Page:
November 29, 2005

Smile! You're on candid bacteria!

While E. coli bacteria usually just give people food poisoning, scientists have found a way to use a modified form of the same bacteria to make a unique photographic film. Using genetic engineering, researchers at UC San Francisco have moved genes from a green algae into E. coli cells, creating a light-sensitive variety of the bacteria.

The FSM via bacteria

The researchers used the living film to create an image of the "flying spaghetti monster", which features in an online satirical critique of the intention of the Kansas school board to teach intelligent design in schools [Image: Chris Voight]

When put into a dense bed, the modified E. coli acts as a 'living camera,' taking extremely high-res photos [150 megapixels per square inch]. However, the bacteria must be exposed to light for four hours to make a picture, and it will currently work only under red light.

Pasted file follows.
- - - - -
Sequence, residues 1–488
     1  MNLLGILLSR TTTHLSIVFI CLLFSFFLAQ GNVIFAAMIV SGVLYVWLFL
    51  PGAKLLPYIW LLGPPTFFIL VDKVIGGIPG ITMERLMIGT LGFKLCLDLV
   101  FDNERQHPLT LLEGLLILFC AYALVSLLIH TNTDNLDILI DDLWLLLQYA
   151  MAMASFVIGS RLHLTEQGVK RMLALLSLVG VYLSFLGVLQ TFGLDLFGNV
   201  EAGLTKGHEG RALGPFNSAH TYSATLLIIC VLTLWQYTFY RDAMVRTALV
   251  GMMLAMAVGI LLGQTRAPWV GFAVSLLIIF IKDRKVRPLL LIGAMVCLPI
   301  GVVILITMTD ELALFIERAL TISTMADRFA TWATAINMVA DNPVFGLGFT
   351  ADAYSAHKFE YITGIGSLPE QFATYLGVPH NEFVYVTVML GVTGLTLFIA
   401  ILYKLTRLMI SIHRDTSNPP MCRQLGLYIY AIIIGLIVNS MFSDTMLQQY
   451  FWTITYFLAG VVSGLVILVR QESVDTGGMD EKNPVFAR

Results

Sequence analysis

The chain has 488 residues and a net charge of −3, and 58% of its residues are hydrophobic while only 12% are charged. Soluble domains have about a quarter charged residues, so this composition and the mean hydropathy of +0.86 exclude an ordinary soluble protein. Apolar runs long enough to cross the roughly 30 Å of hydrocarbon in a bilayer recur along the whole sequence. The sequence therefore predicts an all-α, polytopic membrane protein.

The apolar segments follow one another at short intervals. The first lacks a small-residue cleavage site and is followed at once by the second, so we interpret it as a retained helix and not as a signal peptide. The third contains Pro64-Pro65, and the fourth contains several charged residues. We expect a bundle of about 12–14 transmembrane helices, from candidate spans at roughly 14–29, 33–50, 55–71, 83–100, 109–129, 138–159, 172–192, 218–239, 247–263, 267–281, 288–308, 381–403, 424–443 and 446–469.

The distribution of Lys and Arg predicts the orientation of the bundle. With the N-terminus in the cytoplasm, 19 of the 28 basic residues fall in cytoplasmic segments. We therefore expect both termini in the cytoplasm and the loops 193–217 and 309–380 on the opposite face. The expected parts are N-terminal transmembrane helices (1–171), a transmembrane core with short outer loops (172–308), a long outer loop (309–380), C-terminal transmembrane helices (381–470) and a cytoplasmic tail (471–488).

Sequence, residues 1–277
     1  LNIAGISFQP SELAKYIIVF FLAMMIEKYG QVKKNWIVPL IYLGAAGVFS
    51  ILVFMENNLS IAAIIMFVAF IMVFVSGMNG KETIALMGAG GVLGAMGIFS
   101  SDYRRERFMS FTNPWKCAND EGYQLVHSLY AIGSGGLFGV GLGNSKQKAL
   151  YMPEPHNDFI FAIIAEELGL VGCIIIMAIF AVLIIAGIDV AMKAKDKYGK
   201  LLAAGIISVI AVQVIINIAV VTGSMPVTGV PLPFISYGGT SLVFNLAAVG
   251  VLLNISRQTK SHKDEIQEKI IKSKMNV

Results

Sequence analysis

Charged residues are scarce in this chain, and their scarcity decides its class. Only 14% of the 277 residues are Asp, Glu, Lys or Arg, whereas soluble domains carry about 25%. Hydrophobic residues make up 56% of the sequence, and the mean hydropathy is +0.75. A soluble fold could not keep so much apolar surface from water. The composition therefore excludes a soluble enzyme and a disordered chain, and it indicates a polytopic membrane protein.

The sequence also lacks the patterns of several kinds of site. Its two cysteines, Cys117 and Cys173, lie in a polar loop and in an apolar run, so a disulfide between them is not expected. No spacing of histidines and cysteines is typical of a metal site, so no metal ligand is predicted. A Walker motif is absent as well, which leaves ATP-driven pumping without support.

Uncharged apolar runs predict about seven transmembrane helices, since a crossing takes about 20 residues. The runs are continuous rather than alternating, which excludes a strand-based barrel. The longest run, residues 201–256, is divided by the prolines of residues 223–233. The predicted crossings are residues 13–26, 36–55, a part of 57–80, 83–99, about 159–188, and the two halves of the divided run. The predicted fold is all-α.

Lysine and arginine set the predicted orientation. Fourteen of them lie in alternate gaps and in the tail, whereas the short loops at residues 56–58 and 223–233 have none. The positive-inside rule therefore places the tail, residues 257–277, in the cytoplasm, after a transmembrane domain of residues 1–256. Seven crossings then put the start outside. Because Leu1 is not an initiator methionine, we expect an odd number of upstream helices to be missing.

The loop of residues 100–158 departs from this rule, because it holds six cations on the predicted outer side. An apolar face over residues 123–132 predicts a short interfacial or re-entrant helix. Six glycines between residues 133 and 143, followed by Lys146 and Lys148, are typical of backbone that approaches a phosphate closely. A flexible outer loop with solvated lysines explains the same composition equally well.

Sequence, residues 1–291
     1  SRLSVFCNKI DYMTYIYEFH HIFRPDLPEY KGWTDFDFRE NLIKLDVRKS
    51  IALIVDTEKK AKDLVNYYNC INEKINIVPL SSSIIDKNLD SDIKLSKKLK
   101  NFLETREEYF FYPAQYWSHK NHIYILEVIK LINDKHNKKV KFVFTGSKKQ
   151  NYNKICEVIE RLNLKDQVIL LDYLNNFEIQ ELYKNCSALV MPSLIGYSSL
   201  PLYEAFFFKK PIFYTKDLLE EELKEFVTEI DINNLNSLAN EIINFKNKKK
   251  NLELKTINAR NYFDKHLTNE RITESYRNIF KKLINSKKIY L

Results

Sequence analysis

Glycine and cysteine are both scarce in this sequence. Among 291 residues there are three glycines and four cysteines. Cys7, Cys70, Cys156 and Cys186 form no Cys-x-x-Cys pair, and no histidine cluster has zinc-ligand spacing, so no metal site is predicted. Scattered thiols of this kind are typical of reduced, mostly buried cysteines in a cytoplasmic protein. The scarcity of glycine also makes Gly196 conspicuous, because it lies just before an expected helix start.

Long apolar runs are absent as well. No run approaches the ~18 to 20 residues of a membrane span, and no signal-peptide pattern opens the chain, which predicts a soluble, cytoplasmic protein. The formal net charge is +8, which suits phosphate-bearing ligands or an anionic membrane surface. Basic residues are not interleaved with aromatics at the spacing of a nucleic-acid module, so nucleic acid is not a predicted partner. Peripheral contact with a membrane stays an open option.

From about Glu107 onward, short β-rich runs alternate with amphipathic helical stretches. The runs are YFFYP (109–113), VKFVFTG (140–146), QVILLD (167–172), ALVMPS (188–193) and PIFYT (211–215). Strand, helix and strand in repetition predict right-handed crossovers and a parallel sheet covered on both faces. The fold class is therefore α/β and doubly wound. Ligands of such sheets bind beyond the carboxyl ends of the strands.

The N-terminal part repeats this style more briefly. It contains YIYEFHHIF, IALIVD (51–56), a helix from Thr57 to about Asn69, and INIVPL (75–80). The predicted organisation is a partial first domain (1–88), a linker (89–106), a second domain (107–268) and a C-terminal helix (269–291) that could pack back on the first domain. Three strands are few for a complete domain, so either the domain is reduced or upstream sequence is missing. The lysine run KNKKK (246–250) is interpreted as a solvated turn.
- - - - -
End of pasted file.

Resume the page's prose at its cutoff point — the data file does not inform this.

While the "living camera" isn't going to make waves in the photographic world, its creation is far from an idle exercise:

[Researcher Chris] Voigt's team saw it as an exercise in advanced genetic engineering. But their success in getting an array of bacteria to respond to light could lead to the development of "nano-factories" in which minuscule amounts of substances are produced at locations precisely defined by light beams.

For instance, the gene switch need not activate a pigment, says Voigt. A different introduced gene could produce polymer-like proteins, or even precipitate a metal. "This way, the bacteria could weave a complex material," he says.

You can read more about the 'living camera' here.

Via New Scientist.

Posted by Magpie at November 29, 2005 01:16 PM | Science | Technorati links |